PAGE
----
Signs of Depression

Because there are many different types of depression, the signs of depression can vary. This article discusses typical signs of depression and the differences in signs of depression in children, teenagers, and the elderly. Learn more info on the signs of depression here.

Individually, most, if not all, of the signs of depression can also signal other disorders, illnesses, or conditions. For this reason, in most cases there must be multifaceted observation or observation over time to be sure that one is seeing depression and not another issue. Complicating the issue, is the fact that some types of depression manifest with contradictory symptoms. This article lays out the situation in order to help clarify.

Signs of Depression Can Be “Normal”

It is important to note that there are two types of depression: one, non-pathological depression, is a normal response to the run-of-the-mill negative happenings of life that most people experience once in awhile or once in a lifetime. Sooner or later, most of us will not get a job we apply for, get a grade lower than we’d hoped for, or experience a romantic break-up. It is normal to experience a short period of depression after such an event. In a situation such as this, it would be abnormal not to experience any changes whatsoever in one’s emotions and behavior. It is when depression drags on well after most people typically recover, involves more serious symptoms, such as suicidal thoughts or attempts, or comes about with no overt cause that one should become concerned.

The Typical Signs of Depression

Not all depressions are alike. But there are some typical signs of depression, so let’s enumerate those first:

  • sadness
  • negative feelings about oneself, including worthlessness and guilt
  • negative feelings about the future, including pessimism and hopelessness
  • loss of interest in life and activities
  • mental confusion and indecision
  • loss of appetite and weight loss
  • insomnia and fatigue

Each of these symptoms, taken alone can be a signal of a completely different condition, or indeed, simply a response to a situation in life. For example, the first three could come about through premenstrual syndrome. Loss of interest in life and activities could occur as a person was coming down with the flu. Mental confusion and indecision could be the result of too much to drink or not enough sleep. Loss of appetite and weight loss can occur during the early weeks of pregnancy. And insomnia and fatigue can result form stress.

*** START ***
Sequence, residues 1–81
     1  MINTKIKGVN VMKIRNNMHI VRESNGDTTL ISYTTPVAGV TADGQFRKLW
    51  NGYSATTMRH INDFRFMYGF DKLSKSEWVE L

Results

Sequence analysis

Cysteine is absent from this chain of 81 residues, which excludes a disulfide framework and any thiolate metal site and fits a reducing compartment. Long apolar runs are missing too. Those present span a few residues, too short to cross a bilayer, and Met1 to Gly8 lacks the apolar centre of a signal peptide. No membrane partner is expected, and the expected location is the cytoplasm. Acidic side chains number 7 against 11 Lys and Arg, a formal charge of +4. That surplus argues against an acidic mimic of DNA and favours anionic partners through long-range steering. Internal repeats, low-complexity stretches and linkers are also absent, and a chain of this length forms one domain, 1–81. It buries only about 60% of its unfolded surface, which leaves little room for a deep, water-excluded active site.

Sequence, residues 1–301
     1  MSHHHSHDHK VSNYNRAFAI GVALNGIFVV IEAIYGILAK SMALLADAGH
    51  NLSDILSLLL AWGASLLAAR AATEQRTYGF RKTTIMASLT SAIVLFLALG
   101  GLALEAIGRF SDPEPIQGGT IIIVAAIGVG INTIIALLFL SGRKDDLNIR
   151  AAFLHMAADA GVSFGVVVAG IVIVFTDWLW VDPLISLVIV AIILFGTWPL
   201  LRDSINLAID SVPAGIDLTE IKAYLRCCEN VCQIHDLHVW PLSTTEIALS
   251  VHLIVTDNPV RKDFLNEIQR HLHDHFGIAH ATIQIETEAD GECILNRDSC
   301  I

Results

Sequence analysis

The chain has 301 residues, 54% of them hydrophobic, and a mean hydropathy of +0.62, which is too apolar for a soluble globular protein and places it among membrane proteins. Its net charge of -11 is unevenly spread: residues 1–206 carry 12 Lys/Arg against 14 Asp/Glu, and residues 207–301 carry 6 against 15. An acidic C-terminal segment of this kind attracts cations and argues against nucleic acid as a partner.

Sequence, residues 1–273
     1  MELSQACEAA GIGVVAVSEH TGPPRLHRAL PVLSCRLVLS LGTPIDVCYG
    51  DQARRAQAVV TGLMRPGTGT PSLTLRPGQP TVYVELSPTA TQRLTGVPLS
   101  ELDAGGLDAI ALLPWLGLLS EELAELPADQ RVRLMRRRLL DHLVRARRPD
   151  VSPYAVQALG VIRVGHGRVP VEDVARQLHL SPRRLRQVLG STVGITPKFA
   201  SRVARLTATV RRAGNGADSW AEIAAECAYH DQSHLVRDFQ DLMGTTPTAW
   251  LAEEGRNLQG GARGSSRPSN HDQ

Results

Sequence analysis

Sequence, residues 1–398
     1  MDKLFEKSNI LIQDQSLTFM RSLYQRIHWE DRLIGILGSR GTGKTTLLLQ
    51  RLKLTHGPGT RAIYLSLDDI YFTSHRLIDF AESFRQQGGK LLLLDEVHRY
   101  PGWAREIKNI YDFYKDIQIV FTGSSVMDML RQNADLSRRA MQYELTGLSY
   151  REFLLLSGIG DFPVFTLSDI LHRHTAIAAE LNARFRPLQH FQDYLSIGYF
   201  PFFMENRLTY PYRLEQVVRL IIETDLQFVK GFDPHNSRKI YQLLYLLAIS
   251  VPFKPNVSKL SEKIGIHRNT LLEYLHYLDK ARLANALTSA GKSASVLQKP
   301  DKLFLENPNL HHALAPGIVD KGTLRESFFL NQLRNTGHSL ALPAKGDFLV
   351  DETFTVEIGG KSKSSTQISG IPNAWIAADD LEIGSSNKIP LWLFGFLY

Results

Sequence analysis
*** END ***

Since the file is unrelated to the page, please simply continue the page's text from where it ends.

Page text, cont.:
Moreover, people with other types of depressive disorders may exhibit contradictory symptoms. For example, a person with bipolar disorder - when in a manic phase - is likely to feel exuberant, sure of him- or herself, destined for a great future, and so excited about participating in life that s/he doesn’t want to ever go to sleep. S/he may feel so mentally attuned that s/he doesn’t want to take medications because it will take the edge off of his or her brilliant thoughts. A person with atypical depression is likely to have an increased, rather than a depressed appetite, gain rather than lose weight, and oversleep, rather than sleep too little.

For more information about the various types of depression and their individual symptoms, see the article “Depression Symptoms.”

Missing Signs of Depression in Certain Populations

Certain populations present confusions in trying to diagnose depression because other issues present with similar or identical symptoms.

Signs of Depression in Children and Teenagers

It can be difficult to tell a sulking child from a depressed child. Sulking is normal as an occasional behavior in childhood; depression, aside from reacting to a sad life event, is not. Similarly, the years of adolescence with their hormonal changes and the first ventures into romantic relationships and related issues (like rejection) typically manifest with some moodiness. So does teen depression.

Signs of Depression in the Elderly

Symptoms of depression in elderly people can be confused with a variety of other issues that are often found in the same population. Loss of appetite, fatigue, and difficulties with sleeping can simply be part of the aging process, as can progressive difficulty performing what had been normal daily activities for the person.

In addition, there can be confusion between depression and other disorders. The mental confusion and sluggishness may be confused with Alzheimer’s disease or other dementia. Other ailments that have some symptoms in common with depression include arthritis, cancer, heart disease, Parkinson’s disease, stroke, and thyroid disorders.


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